I’ve worked on both site-specific and subject-specific commissioned sculptures. Whether working on works suited to a landscaped space or architectural ambience, or dealing with a subject a sponsor wants, I’ve been fortunate enough to have the final say in each case.
I first began with clay, which is an excellent medium. But these works are difficult to exhibit unless turned into terracotta or converted into a mould, from which it can be cast in cement or, as is usually done, in plaster of Paris. At college, I converted five or six large clay works into concrete. A sculpture I did during my second year is now in the Madras Government Museum complex. While a student, I had an opportunity to experiment at the metallurgy department of the local Indian Institute of Technology for five months, welding sculptures from scrap metal with help from their technicians.
I’m familiar with traditional bronze casting as practiced in Swamimalai, as well as at the foundries of Italy. My free-standing bronzes, not more than a metre high, are all three-dimensional. Sixteen of them were done at the Foundry Bonvicini in Italy, where Dali, Miro, Manzu and Matta cast their work. One goes through an amazing experience while bronze-casting. First, the wax sculpture is drained out by heating, creating a cavity to be filled with molten metal. Until the bronze is poured in, there’s a vacuum within me that’s like a pang.
At the outset in Bangalore, a watch factory asked me to do a sculpture with time as the symbol. I did a steel piece 9 feet high, which had 60 per cent scrap metal and 40 per cent metal plates and rods bought from the open market, which I cut to required sizes after getting some portions shaped by the lathe. From 1973 to 1975, it was a fantastic experience. I did nearly 30 sculptures between 1.8 to 6 metres high. That’s when I had my exhibition of 24 garden sculptures, the smallest of which was taller than six feet ~ that’s my height. I sold twelve of those works during the exhibition. Five of those sculptures were eventually acquired by the National Gallery of Modern Art, New Delhi.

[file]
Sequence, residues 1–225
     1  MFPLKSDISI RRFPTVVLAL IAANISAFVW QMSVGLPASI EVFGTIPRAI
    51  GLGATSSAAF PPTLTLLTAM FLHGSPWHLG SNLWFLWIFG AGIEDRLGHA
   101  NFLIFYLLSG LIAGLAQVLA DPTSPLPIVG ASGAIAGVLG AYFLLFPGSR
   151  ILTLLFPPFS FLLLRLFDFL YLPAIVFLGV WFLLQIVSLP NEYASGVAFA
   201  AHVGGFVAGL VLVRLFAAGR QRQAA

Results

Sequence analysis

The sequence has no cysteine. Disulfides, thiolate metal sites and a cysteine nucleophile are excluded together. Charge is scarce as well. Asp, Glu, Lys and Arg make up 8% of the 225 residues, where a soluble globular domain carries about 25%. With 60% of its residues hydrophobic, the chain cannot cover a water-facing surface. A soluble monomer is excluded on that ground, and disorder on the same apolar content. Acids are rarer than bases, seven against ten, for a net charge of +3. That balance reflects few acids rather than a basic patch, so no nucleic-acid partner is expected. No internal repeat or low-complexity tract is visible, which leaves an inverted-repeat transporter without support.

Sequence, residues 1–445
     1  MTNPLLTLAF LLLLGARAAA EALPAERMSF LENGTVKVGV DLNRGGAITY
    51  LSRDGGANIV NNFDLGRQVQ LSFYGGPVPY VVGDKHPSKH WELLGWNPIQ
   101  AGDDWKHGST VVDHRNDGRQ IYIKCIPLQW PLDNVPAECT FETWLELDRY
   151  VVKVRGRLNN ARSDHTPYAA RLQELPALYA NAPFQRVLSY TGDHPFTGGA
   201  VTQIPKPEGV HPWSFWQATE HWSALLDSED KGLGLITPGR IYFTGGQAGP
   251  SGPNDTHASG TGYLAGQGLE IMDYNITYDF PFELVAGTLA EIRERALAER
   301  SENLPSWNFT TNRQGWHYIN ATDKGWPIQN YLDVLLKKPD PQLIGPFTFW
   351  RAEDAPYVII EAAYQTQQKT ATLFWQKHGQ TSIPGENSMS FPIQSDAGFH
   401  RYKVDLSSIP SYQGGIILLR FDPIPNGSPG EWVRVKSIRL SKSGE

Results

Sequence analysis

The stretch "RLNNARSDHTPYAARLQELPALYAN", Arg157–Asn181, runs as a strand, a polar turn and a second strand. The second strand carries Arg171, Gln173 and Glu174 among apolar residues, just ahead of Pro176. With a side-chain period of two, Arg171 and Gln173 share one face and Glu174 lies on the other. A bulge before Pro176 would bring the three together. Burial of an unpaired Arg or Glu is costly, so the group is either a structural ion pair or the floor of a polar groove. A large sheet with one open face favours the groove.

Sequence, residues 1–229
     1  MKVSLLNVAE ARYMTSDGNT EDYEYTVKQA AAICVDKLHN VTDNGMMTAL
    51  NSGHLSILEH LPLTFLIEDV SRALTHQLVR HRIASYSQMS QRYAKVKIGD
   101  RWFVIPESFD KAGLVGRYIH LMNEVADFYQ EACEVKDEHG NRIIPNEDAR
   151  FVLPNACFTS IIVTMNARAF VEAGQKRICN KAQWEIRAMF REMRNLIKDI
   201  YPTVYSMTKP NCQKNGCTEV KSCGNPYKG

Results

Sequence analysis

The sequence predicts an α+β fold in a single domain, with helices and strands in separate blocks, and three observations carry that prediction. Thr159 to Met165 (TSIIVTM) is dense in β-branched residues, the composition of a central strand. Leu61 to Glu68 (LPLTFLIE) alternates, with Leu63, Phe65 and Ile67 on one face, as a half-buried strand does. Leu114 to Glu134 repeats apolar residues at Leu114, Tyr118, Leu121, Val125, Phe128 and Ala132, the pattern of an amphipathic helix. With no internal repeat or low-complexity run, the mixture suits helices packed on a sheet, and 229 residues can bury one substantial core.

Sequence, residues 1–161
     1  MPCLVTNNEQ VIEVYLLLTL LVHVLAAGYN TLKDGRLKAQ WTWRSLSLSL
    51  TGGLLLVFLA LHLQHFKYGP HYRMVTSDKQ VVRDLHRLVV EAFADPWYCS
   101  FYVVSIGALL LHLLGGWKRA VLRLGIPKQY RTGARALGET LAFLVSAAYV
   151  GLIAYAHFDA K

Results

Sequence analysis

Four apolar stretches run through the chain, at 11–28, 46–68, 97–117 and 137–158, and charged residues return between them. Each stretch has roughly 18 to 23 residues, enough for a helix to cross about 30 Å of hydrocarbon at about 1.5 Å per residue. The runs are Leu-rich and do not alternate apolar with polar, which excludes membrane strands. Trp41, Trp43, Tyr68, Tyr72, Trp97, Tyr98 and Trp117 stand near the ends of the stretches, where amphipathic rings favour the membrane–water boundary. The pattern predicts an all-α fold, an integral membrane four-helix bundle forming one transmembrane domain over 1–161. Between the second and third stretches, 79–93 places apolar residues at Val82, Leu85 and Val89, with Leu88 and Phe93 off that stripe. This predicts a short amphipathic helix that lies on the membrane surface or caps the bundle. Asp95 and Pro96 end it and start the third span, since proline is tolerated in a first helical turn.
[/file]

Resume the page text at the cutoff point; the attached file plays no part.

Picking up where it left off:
While travelling in Europe in 1977, a German plant offered me a commission to try glass-fibre reinforced cement (GRC) ~ which was then at an experimental stage ~ for a sculpture. It is seven times stronger than traditional cement. It was so easy and quick for me that, from a single sculpture, they extended the facilities so I could do six. One of my GRC works was a 2.5 metre high Valampiri Shankha, which is a rare conch with a clockwise spiral (normal conches spiral anti-clockwise).
In that cold January in Germany, I was totally immersed in my sculpture. Almost in a trance, I chanted the Devimahatmya stotra while I worked on a 3.5 metre sculpture of the mother goddess as depicted in Teyyam! These works are at various locations in Germany.
I’ve so far done over 100 sculptures in metal, cement and stone that are taller than me. My two largest works in steel are 6 metres tall.
|Mirror Idol of Mother Goddess|
Are there any symbolic keys that open the doors to your work?
I come from a farmer’s family in Kerala. The growth of a rice plant, the sowing of paddy, the sprouting of seeds, the first blades of grass, have always fascinated me. I’ve used the growth of a rice plant as a symbol often because, in a farmer’s life, the planting of rice is a ritualistic activity. That experience is very close to me.
Besides, like the cactus, I’ve asserted my rights in the art field, within the present socio-political situation, in my dealings with bureaucracy or other organisations. The cactus motif often recurs in my creative life.